Thermography, also known as Digital Infrared Thermal Imaging (DITI), uses ultra-sensitive, high resolution camera and sophisticated software to measure infrared emissions (heat) that are constantly emitting from the surface of your skin producing a colormap of your body's health.
Areas of pathology will show up as hot or cold depending on their metabolic activity. It is this asymmetry that allows us to identify suspicious areas.
As any health screening modality, thermography is not a stand-alone screening tool. It is used in addition to not as a replacement of any other screening procedure.
In order to understand thermography, we need to first understand our skin. As we all know, skin is the largest organ of the human body, it is the most visible organ yet it is the most underappreciated organ. One of the most important functions of skin is to control body's temperature, that is controlling the amount of circulation, or blood flow, in the skin. As a result, our blood vessels widen and allow heat to escape through the skin, we start sweating. On the other hand, when we need to retain heat, the blood vessels narrow and we produce less sweat. This phenomenon, called thermoregulation, is done without conscious thought and it is controlled by the autonomic nervous system.
This simplified and quick overview of skin's physiology can give us a great understanding of the core principle of thermography. That is, normal body is thermally symmetrical, thermal asymmetries can indicate problems. For example, chemical and blood vessel activity in both pre-cancerous tissue (also inflamed tissue) and the area surrounding a developing cancer is almost always higher than in the normal/healthy tissue. In an ever-increasing need for nutrients, cancerous tumors increase circulation to their cells by holding open existing blood vessels, opening dormant vessels, and creating new ones (neoangiogenesis).
According to the National Breast Cancer Foundation, 200,000 new cases of breast cancer will be diagnosed each year in the US, making it three times more common than other gynecological cancers, and more deadly than lung cancer for women. Even more disturbing is the speed at which breast cancer rates have risen over the past 5 decades. In 1960, one in 20 women was diagnosed—but today, it is one in seven Breast cancer facts:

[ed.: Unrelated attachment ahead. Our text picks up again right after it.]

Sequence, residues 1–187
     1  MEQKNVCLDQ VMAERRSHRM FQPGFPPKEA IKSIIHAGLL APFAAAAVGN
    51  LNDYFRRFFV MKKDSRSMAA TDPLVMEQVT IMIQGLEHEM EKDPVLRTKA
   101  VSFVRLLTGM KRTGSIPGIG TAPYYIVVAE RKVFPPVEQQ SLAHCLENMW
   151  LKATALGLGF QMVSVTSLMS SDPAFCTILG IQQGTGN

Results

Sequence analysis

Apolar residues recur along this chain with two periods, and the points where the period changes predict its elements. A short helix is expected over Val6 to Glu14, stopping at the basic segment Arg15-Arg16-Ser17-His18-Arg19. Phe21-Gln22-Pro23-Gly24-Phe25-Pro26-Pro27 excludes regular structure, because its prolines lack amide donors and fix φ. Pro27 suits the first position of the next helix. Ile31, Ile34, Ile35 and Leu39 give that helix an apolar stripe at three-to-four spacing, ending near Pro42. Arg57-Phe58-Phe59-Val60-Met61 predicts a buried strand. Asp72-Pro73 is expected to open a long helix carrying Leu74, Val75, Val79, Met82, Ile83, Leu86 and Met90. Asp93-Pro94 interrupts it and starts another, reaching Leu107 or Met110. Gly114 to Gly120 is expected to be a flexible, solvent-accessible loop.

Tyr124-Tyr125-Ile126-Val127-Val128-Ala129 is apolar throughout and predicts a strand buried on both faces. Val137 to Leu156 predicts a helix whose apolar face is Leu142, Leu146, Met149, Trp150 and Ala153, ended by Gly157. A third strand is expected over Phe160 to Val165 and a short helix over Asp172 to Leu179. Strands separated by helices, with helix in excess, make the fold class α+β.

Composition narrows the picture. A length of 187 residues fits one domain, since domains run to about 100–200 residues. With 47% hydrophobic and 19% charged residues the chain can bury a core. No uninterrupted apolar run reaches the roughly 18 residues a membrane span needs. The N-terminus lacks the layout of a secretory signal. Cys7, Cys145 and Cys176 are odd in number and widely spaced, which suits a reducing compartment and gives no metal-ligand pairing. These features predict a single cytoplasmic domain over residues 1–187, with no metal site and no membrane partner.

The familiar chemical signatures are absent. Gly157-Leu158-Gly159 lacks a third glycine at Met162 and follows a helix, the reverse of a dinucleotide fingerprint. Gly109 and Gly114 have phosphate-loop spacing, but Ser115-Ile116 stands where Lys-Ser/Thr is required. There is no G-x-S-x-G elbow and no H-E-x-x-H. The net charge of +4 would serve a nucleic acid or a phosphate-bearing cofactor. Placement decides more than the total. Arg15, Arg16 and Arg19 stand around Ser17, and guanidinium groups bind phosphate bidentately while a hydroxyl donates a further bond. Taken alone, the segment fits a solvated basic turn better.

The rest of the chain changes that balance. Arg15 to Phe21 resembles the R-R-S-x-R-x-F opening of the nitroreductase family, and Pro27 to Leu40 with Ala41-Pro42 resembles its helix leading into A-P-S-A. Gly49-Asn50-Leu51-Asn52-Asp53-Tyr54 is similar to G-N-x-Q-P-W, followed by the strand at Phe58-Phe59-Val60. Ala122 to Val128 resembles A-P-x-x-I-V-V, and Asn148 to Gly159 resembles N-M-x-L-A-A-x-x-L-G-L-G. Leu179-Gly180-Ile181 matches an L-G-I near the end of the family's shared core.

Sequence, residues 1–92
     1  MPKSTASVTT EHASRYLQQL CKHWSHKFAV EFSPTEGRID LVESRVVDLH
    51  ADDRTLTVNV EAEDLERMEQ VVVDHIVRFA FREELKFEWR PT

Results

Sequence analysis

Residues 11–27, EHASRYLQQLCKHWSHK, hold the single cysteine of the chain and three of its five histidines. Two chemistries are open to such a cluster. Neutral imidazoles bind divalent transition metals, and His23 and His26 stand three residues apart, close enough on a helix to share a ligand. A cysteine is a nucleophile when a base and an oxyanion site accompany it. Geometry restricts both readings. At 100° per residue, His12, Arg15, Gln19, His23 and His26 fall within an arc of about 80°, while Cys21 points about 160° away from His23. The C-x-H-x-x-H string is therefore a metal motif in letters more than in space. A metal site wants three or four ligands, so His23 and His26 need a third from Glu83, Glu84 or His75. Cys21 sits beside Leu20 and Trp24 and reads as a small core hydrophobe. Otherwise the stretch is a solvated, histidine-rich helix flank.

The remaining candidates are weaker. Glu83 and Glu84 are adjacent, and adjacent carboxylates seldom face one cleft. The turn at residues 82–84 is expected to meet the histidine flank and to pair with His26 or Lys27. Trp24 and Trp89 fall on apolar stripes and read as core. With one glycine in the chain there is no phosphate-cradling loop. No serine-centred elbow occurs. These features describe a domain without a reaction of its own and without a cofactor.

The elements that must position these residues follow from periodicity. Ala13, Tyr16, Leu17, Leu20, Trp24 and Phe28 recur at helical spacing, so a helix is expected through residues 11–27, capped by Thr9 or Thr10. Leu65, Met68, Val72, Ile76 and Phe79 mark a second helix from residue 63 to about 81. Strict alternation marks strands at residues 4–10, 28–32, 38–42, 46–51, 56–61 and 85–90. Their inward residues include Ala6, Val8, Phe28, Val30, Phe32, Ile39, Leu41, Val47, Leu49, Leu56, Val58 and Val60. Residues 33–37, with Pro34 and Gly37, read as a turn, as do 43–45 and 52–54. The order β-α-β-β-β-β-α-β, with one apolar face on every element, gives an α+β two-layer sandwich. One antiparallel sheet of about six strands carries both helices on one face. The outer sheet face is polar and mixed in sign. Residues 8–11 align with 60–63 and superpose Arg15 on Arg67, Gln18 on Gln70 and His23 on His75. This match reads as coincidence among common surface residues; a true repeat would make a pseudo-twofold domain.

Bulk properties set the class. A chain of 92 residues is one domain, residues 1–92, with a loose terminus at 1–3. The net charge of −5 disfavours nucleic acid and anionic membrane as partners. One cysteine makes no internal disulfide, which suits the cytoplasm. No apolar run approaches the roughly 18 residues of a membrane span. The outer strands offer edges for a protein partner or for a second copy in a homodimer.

Facts about Mammograms
Mammograms use ionizing radiation at a relatively high dose, which can contribute to the mutations that can lead to breast cancer. You can get as much radiation from one mammogram as you would from 1,000 chest X-rays. Mammography also compresses your breasts tightly, which can lead to a dangerous spread of cancerous cells. “The premenopausal breast is highly sensitive to radiation, each 1 radiation exposure increases breast cancer risk by about 1% with a cumulative 10% increased risk for each breast over a decade’s screening.” Unfortunately, many women are completely unaware that the science simply does not back up the use of routine mammograms as a means to prevent breast cancer death. The Cochrane Database of Systemic Reviews revealed that mammography breast cancer screening led to 30% over-diagnosis and overtreatment, which equates to an absolute risk increase of 0.5 percent. There’s also the risk of getting a false negative, meaning that a life-threatening cancer is missed. The New 3D Tomosynthesis (Yes, a 3D Mammogram) – This procedure exposes women to TWICE as much radiation as a standard mammogram. http://articles.mercola.com/sites/articles/archive/2012/03/03/experts-say-avoid-mammograms.aspx
Breast thermogram vs. mammogram
Breast Thermography and mammography are two completely different screening modalities. Breast Thermography measures the physiology of your breasts - in other words, the tissue functioning. Mammogram is a type of structural imaging, detecting structures/lumps. In order to detect a lump on a mammogram, that lump has to grow to a certain size. This process (lump growing process) can take up to 5 - 10 years. That means that your annual mammograms can come back negative even-though there is a developing lump in your breast tissue but this structure might not be large enough to be detectable.
On the other hand, breast thermography is not looking for structures/lumps because we know that once the lump is detected, it has been growing for several years. Since breast thermography detects tissue changes, it has the ability to monitor thermal (heat) abnormalities within your breasts, even before a structural change/lump forms. These thermal abnormalities include new blood vessel formation that is typically present when a tumor is forming. Thermal (heat) asymmetries visible on your breast thermogram correspond with the physiological changes currently occurring in your body.
Moreover, regular (annual) breast health monitoring with breast thermography can provide the earliest warning signs of possible evolving pathology without having to wait for years. So don't wait, start your breast health prevention today with a breast Thermogram.